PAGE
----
“Ever since I started teaching this class,” Dr. Canavan said, “I realized that being happy was fun.”  

“I learned from Dr. Canavan about the joy of living every moment of my life with generosity, humility, and kindness,” said senior Giulianna Rivera. “Dr. Canavan showed me the goodness in humanity that lifts others up. Although she was fascinated with studying the social energy, humility, and ‘pure goodness’ of others, she herself was the perfect example of all these qualities. She lit up a room, created a dynamic energy between her students, gave without expecting anything in return, and focused more on those around her than on herself.”

Colleagues also recalled Dr. Canavan’s generous and kind spirit, which Professor James Russell encountered when he first arrived at the department—she invited him to coffee and told him she looked forward to working with him, and would buy him loaves of bread from a local bakery she supported.

Senior Lecturer Gene Heyman received a similar introduction to Dr. Canavan when he joined BC: “She invited me and another new faculty member to lunch and we got a taste of her inimitable style. Along with the expected pleasantries, we moved on to larger, eventually quite personal topics: how we ended up in psychology, what research issues most interested us, and—at about dessert time—our favorite dreams. It was all in good humor, but also serious. She had a probing mind.”

“Donnah had a lighthearted manner, yet also a deep understanding of human interactions and how to bring out the best in others,” said Psychology and Neuroscience Professor and Chair Elizabeth Kensinger. “It is no wonder she chose to study social energy and shared enthusiasm: She showed the power of that energy in her every interaction. Donnah took a front-row seat at nearly every colloquium talk, always asking thought-provoking questions. She was a beloved mentor to undergraduate students who engaged with her on research projects, their posters filling the hallways at the annual Psychology Undergraduate Research Conference. Her longstanding commitment to her students will reverberate her positive energy for many years to come.”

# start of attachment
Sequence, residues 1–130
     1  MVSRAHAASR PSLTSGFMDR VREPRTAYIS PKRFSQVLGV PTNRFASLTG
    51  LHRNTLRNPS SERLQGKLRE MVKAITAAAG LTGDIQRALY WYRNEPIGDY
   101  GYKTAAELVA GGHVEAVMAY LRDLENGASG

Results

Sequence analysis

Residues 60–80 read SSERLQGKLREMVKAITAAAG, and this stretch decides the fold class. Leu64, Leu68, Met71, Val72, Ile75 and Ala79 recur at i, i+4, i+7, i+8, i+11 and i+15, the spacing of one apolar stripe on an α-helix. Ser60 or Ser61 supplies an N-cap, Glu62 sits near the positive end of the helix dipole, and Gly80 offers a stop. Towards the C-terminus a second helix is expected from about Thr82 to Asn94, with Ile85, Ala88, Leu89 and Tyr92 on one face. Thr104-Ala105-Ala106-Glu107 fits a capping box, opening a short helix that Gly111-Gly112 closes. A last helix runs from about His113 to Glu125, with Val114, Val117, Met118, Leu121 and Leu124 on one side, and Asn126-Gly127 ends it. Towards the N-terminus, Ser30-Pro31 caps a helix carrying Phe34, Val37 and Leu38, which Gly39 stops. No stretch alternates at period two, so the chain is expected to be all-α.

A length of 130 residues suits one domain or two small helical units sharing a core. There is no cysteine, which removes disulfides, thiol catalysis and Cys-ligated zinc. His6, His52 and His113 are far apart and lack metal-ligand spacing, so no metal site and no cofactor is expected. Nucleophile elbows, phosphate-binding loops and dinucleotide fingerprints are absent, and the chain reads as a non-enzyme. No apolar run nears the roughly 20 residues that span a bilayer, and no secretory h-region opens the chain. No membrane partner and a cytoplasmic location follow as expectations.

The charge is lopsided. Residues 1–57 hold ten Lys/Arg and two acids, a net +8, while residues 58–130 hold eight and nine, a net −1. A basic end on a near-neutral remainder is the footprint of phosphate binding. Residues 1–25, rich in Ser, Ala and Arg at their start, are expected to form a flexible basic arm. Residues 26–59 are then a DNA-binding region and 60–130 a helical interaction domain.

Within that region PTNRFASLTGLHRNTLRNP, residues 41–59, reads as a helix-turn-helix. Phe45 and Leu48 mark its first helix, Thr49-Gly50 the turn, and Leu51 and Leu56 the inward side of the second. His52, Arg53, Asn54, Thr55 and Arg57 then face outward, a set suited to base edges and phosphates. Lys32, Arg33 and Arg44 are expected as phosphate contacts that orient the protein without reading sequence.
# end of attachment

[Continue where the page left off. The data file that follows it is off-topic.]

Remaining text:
“She had a genuine and refreshing enthusiasm for understanding the human mind, and a welcoming attitude towards everybody,” said Assistant Professor Stefano Anzellotti.

Office for Research Protections Director Erin Sibley recounted Dr. Canavan’s enthusiasm for serving on the University’s Institutional Review Board. “She may have been BC's longest-serving IRB member, as she always asked to renew her term when it was up. She truly enjoyed learning about the research going on across the University, and was incredibly thoughtful in her commentary. Whenever we had a particularly tricky study that didn't quite fit into one person's area of expertise, Donnah was our go-to reviewer.”

Dr. Canavan presented her research regularly at meetings of regional and national psychology organizations. She was a long-time member of the New England Psychological Association and served as the NEPA president in 2001.

A native of Cambridge, Dr. Canavan received a bachelor’s degree from Emmanuel College and a doctorate from Columbia University. She completed a post-doctoral fellowship at the University of California-Los Angeles and earned a clinical psychologist license following a fellowship at McLean Hospital in Belmont.

She is survived by her brother Peter.

Memorial donations may be made in Dr. Canavan’s name to the Angell Memorial Animal Medical Center, 350 So. Huntington Ave., Boston, Mass. 02130.

University Communications | April 2021